You've Got (Very Chilling) Mail


With "Tell No One" (Delacorte, $22.95, 339 pages), Harlan Coben interrupts his award-winning series about sleuthing sports agent Myron Bolitar to deliver a compelling and original suspense thriller. In its prologue, narrator David Beck and his beloved wife, Elizabeth, celebrate a wedding anniversary by going for a midnight swim on a secluded private lake in Pennsylvania.

This is an even worse idea than taking your spouse for a face-to-face with a Komodo dragon. Elizabeth is kidnapped, and David is left unconscious and sinking into the lake without a bubble. Chapter 1 finds David inexplicably among the living eight years later.

He tells us that Elizabeth's brutalized corpse was found shortly after her abduction and that she was a victim of KillRoy, a serial murderer now in prison. Still in mourning and gloomily facing the dual anniversaries of their marriage and the tragedy, David discovers an e-mail message that could only have come from his supposedly late wife.

This intriguing beginning could lead to a number of subgenres within the mystery envelope. For example, a lazier writer than Coben might opt for something supernatural, just as one with less imagination might be tempted to bring KillRoy center stage. Instead, Coben takes the hard high road of careful plot construction, in which all the eerie events stem from chillingly earthbound causes.

But aside from my assuring you that "Tell No One" is considerably more clever and unique than either a ghost story or yet another serial killer yarn, it's a little difficult to get into its specific delights without giving up secrets better left to the novel itself. Let it suffice to say that you will definitely not be bored.

Sue Grafton's "'P' Is for Peril" (Putnam, $26.95, 368 pages) finds private detective Kinsey Millhone in pre-Internet, pre-cellular phone 1986, engaged in two pursuits. The first involves an elderly doctor, the administrator of a nursing home, who's been among the missing for nine weeks. His ex-wife hires the detective to find him, alive or dead, hinting that his current, much younger spouse might have done him harm.

This element of the novel--the Kinsey-as-professional-detective section--is as beautifully plotted and presented as any of Grafton's previous alphabet murders. Her client is a dreadful woman, arrogant and demanding (and cheap), while the suspect, the new wife, is charming and gracious.

Regardless, Kinsey earns her pay, making a mistake here and there, but eventually getting the job done. As was true of the cases of her spiritual father, Ross Macdonald's Lew Archer, the solving of the mystery leads not to the happiness of victory but the weariness of regret. The truth sets no one free. And yet, by getting to it, Kinsey once again proves her professionalism. She's a believably human, flawed character who is very good at what she does.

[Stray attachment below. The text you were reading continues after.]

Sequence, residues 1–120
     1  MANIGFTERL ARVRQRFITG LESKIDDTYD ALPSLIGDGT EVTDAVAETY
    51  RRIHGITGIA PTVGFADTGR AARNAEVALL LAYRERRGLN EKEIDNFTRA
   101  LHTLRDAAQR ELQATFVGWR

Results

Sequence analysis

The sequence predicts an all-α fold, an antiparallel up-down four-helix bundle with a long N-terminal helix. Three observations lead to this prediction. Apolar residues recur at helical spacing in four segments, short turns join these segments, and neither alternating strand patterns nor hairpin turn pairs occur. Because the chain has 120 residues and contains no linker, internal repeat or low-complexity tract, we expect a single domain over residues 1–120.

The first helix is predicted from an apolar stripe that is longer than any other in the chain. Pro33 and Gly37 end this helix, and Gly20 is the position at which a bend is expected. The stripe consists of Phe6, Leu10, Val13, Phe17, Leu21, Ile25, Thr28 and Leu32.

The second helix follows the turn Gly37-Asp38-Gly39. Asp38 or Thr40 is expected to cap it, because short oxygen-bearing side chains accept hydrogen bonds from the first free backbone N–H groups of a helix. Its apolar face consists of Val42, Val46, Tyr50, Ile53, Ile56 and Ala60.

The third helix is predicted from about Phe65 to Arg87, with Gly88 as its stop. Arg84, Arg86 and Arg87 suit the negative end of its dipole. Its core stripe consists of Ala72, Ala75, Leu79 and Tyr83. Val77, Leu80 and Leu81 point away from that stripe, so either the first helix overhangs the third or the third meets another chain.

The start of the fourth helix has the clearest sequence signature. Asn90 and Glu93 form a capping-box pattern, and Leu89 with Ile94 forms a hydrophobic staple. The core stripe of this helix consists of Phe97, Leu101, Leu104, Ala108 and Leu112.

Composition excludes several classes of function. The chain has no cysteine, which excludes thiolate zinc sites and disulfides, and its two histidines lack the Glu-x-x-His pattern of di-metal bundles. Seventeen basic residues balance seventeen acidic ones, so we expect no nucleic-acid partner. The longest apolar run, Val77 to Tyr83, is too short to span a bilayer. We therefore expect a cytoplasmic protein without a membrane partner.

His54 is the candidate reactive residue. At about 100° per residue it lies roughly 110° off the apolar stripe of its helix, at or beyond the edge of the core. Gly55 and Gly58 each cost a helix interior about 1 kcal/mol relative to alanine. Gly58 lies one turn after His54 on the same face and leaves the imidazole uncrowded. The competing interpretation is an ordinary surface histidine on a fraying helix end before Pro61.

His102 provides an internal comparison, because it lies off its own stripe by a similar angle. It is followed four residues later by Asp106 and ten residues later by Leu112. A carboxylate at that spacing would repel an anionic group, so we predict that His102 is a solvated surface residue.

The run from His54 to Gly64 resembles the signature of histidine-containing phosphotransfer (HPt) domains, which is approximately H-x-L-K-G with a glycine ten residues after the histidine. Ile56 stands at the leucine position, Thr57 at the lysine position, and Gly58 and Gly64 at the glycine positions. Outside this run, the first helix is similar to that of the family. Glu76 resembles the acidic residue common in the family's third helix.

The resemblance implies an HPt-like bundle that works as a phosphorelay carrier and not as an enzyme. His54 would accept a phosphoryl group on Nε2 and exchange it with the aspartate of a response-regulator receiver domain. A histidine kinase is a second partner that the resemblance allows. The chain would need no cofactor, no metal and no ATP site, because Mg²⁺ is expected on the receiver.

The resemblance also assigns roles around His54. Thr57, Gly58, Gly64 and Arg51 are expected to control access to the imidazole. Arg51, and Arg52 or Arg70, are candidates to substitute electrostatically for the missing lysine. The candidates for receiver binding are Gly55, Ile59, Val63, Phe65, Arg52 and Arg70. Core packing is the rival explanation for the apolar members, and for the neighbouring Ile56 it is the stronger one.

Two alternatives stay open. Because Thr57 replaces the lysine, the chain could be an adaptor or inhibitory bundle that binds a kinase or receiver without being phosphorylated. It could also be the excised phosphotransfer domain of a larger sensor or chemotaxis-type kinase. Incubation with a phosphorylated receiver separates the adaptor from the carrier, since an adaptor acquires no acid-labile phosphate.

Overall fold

This flawed business may be slightly overdone in the novel's other plot element--the detective's search for new office space. The location she settles on is a bit too ideal to be legit, and the result provides the "peril" promised by the book's title. To get her usually clever and cautious heroine to wind up in jeopardy, Grafton slips her a stupid pill. Happily, by book's end, its effect seems to have worn off.

If Grafton's novels celebrate gender equality in crime fighting, Janet Evanovich's popular Stephanie Plum series seems to be pushing us toward the opposite conclusion. Stephanie is a New Jersey princess who has decided to add color to her life by becoming a bounty hunter.

It's a TV sitcom setup: Ditsy, self-obsessed girly-girl somehow manages to surprise seasoned male pros by bringing home the bounty. However, thanks to Evanovich's flair for snappy patter and surprisingly original comic situations, the results are considerably funnier, and certainly bawdier, than most tube material.

In "Seven Up," (St. Martin's, 320 pages, $24.95), Stephanie is assigned the thankless task of bringing in an ancient but still dangerous hit man named Eddie DeCooch who happens to have dated her grandmother. Not only is her quarry lethal and remarkably wily, our heroine has a number of personal problems to distract her.

She's being propelled into a marriage she isn't sure she wants. Her longing for her co-worker, Ranger (think Benjamin Bratt on steroids), is increasing toward the point of no return. Her stoner pal Mooner has gone missing. And her perfect sister's perfect marriage has fallen apart.

Usually, the Plum books offer a string of gags and goofs without too much attention paid to plot. Here, however, there's an actual story line, a chilling homicidal maniac of a villain, and, near novel's end, a fair amount of genuine suspense. One hopes Stephanie's fans won't mind too much.


Dick Lochte, the author of "Lucky Dog and Other Tales of Murder" (Five Star) and the prize-winning novel, "Sleeping Dog" (Poisoned Pen Press), reviews mysteries every other week. Next week: Rochelle O'Gorman on audio books.

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